The speaker as one of a group whose task it was to examine the civilians in Occupied Europe in an attempt to evaluate their state of health at the conclusion of the German Occupation. Most work done in Western Holland; some in the Brussels region of Belgium. Comments on France based upon reports of other groups. The impossibility of describing all features of life under Nazi Occupation for the various population groups in Western Europe. One aspect selected for discussion: the issue of food; how much food did these people get; how much harm did lack of food do to them? The variation in the degree of hardships occasioned by lack of food over an area as large as Western Europe. The three main factors involved by lack of food under the Nazi regime: the amount of food which the Germans moved back into their own country for their own population; the shortage of manpower for planting and harvesting crops; the breakdown in transport, resulting in food being left in the areas where it was grown rather than being transported to the areas where it was ordinarily consumed. The result of this last factor being that the people in the agricultural areas of Western Europe were probably as well off as they had ever been. Three relatively clearcut grades of nutritional deficiencies existing in the population of Western Europe under the German occupation, the first being that which occurred in the large European centres, in France and Belgium. A discussion of the situation in Brussels follows. Records accessible to the group. Details of the nutritional deficiencies experienced. What happened to the people of Brussels on this food ration. Quotes from the Public Health records for the blackest winter of 1941-42. Details of hunger and the results of hunger; the cold, the hunger, the fatigue, the loss of weight; the tendency toward developing infectious diseases. The role of the black market. The results of the black market and inflation as to the ability of people to buy food. Three different ways in which people became involved in the black market; how it worked and the size of it. The second kind of malnutrition to be discussed, which occurred in Western Holland. Details of how Western Holland usually obtained its food. Their situation in comparison to that in Brussels; the black market in Western Holland. The sudden deterioration in the Fall of 1944 due to two factors: a change in the attitude of the occupying Germans who decided to withdraw to the border of their own country, taking with them all the materials which might conceivably assist them in withstanding siege within their own land, including the Dutch barges which effectively cut off any means of transporting food from agricultural areas to the large urban centres and secondly, the attempted invasion at Arnheim in September of 1944 when the B.B.B. broadcast asked the Dutch people to sabotage their railways so the Germans would not have the benefit of their railway system. Ways in which the Dutch Government and the people themselves took steps to increase the intake of food. A description of what life was like for the Dutch during this time. Setbacks endured. Results of an inadequate diet, illustrated with slides. Cases of famine oedema in Western Holland during this time. Some summation figures. Some words about the Concentration Camps, especially Belsen, the political concentration camp. A description of the camp, treatment in those in the camp, who was there. The results of starvation of the people in the camps. Treatment of the survivors. This description accompanied by slides.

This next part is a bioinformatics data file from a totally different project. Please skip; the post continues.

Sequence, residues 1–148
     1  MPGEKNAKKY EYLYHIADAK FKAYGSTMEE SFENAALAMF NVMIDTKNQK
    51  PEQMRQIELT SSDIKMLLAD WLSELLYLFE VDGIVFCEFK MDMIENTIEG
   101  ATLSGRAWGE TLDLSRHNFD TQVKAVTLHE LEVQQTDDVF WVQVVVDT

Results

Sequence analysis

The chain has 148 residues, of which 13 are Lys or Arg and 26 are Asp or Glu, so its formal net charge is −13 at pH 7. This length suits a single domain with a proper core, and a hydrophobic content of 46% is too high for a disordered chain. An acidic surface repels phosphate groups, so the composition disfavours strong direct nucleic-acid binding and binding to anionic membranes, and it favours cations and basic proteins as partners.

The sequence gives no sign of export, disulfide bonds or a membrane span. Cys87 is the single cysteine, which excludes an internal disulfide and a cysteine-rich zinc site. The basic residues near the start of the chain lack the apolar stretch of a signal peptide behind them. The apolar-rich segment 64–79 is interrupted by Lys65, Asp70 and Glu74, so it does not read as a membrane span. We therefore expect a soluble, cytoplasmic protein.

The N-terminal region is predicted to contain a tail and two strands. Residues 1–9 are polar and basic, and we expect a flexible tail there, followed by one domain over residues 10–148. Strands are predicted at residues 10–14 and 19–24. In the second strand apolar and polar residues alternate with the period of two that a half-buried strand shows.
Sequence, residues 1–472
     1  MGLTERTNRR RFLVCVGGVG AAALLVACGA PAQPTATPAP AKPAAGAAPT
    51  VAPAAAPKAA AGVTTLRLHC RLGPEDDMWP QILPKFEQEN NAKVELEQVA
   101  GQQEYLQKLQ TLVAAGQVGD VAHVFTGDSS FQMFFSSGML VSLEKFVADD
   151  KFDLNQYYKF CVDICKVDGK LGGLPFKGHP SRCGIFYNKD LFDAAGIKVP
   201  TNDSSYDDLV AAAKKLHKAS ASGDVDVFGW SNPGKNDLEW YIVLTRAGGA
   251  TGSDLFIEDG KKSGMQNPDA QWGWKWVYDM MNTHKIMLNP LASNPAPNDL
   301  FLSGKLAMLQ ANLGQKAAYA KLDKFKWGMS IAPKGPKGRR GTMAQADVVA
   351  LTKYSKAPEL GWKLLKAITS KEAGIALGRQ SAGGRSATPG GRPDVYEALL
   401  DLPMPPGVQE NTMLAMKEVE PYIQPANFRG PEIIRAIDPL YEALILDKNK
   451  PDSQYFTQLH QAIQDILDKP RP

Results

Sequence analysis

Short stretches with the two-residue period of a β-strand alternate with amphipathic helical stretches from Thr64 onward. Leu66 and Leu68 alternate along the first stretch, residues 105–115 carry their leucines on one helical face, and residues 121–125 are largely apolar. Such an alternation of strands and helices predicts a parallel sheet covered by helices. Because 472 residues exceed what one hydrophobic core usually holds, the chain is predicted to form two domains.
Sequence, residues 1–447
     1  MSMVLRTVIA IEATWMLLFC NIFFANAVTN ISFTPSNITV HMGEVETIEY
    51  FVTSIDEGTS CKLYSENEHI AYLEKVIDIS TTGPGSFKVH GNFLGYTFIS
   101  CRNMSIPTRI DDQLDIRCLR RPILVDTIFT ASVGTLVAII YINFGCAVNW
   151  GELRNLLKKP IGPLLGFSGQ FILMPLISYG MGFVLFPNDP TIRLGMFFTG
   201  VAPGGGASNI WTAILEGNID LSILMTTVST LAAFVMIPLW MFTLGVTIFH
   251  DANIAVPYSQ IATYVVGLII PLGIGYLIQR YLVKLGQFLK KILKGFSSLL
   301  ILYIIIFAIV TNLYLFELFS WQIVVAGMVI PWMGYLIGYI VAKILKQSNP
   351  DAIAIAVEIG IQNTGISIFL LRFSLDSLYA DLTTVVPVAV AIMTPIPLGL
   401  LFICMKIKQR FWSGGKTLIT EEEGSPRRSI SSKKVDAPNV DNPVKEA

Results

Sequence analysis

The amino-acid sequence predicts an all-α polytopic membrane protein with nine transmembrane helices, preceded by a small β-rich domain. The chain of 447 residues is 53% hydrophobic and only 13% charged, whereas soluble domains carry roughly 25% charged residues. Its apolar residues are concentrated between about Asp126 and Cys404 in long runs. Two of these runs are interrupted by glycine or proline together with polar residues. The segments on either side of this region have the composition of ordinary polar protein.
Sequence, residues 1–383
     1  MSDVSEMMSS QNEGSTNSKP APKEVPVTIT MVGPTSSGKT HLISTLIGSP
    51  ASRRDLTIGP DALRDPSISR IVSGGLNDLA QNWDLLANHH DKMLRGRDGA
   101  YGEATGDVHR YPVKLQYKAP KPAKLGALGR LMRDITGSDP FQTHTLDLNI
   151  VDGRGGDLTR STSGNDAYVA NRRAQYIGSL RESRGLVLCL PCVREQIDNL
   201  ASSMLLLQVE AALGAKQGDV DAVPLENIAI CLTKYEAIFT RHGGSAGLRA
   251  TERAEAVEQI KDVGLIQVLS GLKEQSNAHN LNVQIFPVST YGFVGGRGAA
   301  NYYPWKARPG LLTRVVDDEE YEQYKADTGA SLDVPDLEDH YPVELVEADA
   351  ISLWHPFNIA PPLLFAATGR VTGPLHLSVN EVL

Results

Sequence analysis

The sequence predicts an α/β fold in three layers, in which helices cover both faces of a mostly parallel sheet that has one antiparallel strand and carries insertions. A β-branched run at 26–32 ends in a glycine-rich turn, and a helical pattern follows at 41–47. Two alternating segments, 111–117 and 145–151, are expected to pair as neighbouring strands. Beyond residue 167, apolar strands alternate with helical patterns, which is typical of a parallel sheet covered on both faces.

The speeches are free of charge but please note that the Empire Club of Canada retains copyright. Neither the speeches themselves nor any part of their content may be used for any purpose other than personal interest or research without the explicit permission of the Empire Club of Canada.